Swimming at the Park Lake

June 23, 2016  |  Permalink

A hot dry summer makes a lot of us yearn for a swim. Many of our state parks have great swimming pools to enjoy. But visiting natural swimming holes or park lakes is also very inviting. The scenery of the natural settings gives swim trips another dimension to make the trips even more memorable. The most spectacular places to cool off are mountain streams or waterfall plunge pools. The down side, to some folks, with these places, is that the water is usually cold. The water in a park lake becomes warmer as the summer goes on but remains a good way to cool down on a hot summer day.

The swim beach at Montgomery Bell State Park is located on Lake Acorn and has been enjoyed by park visitors for many decades. Pickett Civilian Conservation Corp Memorial State Park has a beach area dating back to the days of the C.C.C. and is perhaps one of the most beautiful. Big Ridge State Park also has a swim beach that dates back decades.

Long Hunter and Rock Island State Parks have great swimming areas on the shoreline of a big reservoir. Paris Landing, Nathan Bedford Forrest and Pickwick Landing also have swim beaches on the big lakes in West Tennessee.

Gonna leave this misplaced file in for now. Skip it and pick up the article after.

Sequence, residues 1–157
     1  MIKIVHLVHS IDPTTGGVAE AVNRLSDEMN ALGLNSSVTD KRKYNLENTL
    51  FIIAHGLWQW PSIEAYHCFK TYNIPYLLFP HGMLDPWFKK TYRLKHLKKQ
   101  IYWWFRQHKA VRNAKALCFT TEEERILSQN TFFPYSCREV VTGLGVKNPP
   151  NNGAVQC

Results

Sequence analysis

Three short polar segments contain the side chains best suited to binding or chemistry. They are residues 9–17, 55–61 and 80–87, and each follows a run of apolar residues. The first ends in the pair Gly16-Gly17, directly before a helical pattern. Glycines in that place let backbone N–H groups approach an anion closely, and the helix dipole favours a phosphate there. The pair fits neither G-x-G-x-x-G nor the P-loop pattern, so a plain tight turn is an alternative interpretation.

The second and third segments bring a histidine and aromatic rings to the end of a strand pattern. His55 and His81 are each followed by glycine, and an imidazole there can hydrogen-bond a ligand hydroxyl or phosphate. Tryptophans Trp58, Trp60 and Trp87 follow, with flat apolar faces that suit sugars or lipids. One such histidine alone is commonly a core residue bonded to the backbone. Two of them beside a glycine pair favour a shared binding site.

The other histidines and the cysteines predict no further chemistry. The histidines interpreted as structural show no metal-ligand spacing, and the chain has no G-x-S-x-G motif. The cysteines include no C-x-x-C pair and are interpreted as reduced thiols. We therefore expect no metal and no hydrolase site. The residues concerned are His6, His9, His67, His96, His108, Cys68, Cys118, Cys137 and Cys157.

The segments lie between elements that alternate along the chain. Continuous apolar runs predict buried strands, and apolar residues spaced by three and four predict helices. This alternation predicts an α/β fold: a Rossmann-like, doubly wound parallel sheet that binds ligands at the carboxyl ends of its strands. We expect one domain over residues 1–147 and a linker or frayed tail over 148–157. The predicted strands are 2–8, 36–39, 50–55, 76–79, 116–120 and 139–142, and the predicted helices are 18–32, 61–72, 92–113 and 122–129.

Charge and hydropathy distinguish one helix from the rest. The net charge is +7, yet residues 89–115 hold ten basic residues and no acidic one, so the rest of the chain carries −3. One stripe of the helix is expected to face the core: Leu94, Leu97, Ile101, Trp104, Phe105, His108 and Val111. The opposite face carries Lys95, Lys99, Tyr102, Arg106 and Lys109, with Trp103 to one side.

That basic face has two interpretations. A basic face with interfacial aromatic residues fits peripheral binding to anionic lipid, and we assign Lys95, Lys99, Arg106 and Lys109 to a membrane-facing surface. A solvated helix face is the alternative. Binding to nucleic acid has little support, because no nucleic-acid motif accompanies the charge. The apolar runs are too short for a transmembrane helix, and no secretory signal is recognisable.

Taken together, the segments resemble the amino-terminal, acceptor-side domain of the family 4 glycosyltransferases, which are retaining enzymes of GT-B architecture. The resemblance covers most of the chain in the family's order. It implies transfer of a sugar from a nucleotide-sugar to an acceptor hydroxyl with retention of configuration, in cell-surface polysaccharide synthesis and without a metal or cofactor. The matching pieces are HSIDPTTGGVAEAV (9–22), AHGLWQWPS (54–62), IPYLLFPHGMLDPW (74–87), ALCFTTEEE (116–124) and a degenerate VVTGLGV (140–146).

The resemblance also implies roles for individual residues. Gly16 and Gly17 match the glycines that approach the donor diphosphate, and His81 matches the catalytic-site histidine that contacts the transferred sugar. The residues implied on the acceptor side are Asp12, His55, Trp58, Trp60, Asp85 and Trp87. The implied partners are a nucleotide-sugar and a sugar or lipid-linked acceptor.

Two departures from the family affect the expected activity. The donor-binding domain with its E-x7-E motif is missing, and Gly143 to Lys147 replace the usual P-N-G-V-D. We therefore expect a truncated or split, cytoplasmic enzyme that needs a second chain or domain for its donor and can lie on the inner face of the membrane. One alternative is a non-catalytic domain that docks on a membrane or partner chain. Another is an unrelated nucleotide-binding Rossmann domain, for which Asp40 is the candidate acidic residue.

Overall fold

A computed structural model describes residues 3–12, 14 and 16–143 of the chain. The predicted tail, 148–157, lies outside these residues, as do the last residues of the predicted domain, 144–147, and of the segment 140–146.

Natchez Trace and Chickasaw State Parks in West Tennessee have swim beaches on their park lakes. When I was a child, I loved to go to the swimming area on Cub Lake at Natchez Trace State Park on a summer day. I have fond memories of the life guards, diving deck, and especially the changing house where you put your dry clothes in a metal basket and got a numbered safety pin to wear on your swim suit. Today, the changing house and diving platform are only memories. Indeed, most lake beaches are "swim at your own risk" with no lifeguards present. But, memories of a beautiful place to cool off are still available.

Make some memories soon by cooling off in a park lake on a hot summer day.

Randy Hedgepath as a young boy swimming at Natchez Trace State Park's Cub Lake. 

About the author

Randy Hedgepath

Tennessee State Naturalist Randy Hedgepath is a native of west Tennessee, where his family’s farm was just 15 miles from the Tennessee River. After graduating from UT Martin and working seasonally for several years for the National Park Service and Tennessee State Parks, he has spent the last 33 years with state parks. Randy worked as a ranger/naturalist at South Cumberland State Park on the Cumberland Plateau and at Radnor Lake Natural Area in Nashville until 2007 when he was given the opportunity to be the statewide naturalist for the state park system.